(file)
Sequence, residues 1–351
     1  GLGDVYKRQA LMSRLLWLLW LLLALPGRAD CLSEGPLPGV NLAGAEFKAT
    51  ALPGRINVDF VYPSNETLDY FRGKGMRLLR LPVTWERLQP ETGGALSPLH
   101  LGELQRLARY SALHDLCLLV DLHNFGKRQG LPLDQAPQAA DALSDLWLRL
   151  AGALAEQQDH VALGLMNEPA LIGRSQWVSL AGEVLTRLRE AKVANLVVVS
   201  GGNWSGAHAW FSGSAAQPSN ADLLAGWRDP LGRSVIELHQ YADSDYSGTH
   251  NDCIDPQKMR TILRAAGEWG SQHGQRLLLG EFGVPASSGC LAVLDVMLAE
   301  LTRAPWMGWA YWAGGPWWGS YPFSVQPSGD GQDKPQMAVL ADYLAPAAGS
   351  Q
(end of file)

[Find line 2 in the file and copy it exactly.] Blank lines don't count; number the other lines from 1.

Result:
     1  GLGDVYKRQA LMSRLLWLLW LLLALPGRAD CLSEGPLPGV NLAGAEFKAT